I don’t care if he was raised in this religion or that religion or no religion—as long as he was raised to value the sacred and to know every moment of life, and every moment of life with you, is deeply sacred.
In the end, Little One, if you stumble across a man like that and he and I have nothing else in common, we will have the most important thing in common:
Because in the end, Little One, the only thing you should have to do to “keep him interested” is to be you.
Your eternally interested guy,
Happy International Women’s Day
IM CRYING IN THE MIDDLE OF CLASS
I teared up. You got me.
Awww. That was beautiful, and important.
pro tip: play “bad girls” by m.i.a while getting dressed in the morning. 100% guaranteed to make you feel like a punk rock ho ready to con the shit out of someone’s bank.
Jealous Husky [x]
men took my little pony away from us girls so us teen girls are takin pro wrestling fuck yall just try n stop us
have fun fetishizing the shit out of *real life* celebrities. it actually makes the people who sexualize the shit out of children’s cartoons seem normal.
did you just imply being attracted to actual real human males isn’t normal but wanting to fuck cartoon horses is
I need to reblog this again because it still makes me laugh
19th Century Queer Couples
1. 1891 – Photo by Alice Austen
2. 1855 – Martha O’Curry
3. 1890 – via www.ChloeAndOlivia.wordpress.com
4. 1890 – via www.Flickr.com/photos/SShreeves
5. 1899 – via FYeahQueerVintage.tumblr.com
6. 1900 – Anna Moor and Elsie Dale
7. 1900 – Young souple seated in garden, from the Powerhouse Museum Collection, via HerSaturnReturns.com
8. Kitty Ely, Class of 1887 (L) and Helen Emory Class of 1889, Mount Holyoke Students, via VintagePhoto.Livejournal.com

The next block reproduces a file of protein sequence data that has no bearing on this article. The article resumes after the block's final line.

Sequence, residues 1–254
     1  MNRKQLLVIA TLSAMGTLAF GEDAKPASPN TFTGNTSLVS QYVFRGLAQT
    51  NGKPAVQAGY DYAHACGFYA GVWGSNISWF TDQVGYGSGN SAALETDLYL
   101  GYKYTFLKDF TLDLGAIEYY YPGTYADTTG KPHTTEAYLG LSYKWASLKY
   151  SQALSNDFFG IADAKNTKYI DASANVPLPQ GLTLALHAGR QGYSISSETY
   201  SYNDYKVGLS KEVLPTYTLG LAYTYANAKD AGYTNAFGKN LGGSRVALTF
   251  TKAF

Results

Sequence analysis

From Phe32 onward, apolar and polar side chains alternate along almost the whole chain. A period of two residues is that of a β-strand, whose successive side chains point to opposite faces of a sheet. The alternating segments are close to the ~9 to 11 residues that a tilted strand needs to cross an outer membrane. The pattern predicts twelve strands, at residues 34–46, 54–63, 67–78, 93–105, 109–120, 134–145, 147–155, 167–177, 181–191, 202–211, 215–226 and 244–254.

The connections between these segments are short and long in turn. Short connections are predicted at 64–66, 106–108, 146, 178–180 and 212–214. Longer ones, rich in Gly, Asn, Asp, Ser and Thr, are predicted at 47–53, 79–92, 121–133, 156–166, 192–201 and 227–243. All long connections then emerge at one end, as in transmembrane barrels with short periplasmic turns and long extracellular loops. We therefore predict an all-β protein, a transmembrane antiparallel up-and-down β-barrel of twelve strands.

10. Lily Elise and Adrienne Augarde, 1907, via FYeahQueerVintage.tumblr.com
Collected by Marie Lyn Bernard, via retronaut
This is an amazing collection. I think what excites me so much about it, apart from the PDAs which indicate these are clearly romantic relationships and not just friendships, is the women of colour who are included. No 2 is even an inter-racial couple!
To add to this relationships such as these were able to be visible because during this era women were considered sex-less, that is that they did not have sex, so they could only have innocently amorous relationships with other women. In addition, in the late Victorian/early Edwardian era there was a large lesbian subculture where women had openly butch/femme relationships where one partner would often pass as a male and would accompany the other woman in public and be her escort to events and the like. Within that culture were femme/femme relationships, and sometimes butch/butch relationships. This practice was surprisingly popular among the higher class, where it was seen as entertainment for the women involved by the outside world. This culture was also accompanied by theatrical instances of cross-dressing lesbians who often became very famous. On the more extreme side of the culture were groups of high class women who had large balls that essentially would boil down to lavish orgies.
For the middle class, however, it was very easy for women to be in such relationships with little questioning as women were encouraged to live together as living with a male who was not family was immoral, and those who chose to be ‘spinsters’ often lived with a close friend. Often times in these situations the women would be in a relationship, where in some cases one partner would cross-dress though that was not always the case. When women lived together, it was rarely seen as questionable if the two became very close, and women were encouraged to have these sorts of relationships.
queen victoria didn’t believe lesbianism existed so she didn’t really notice what was actually going on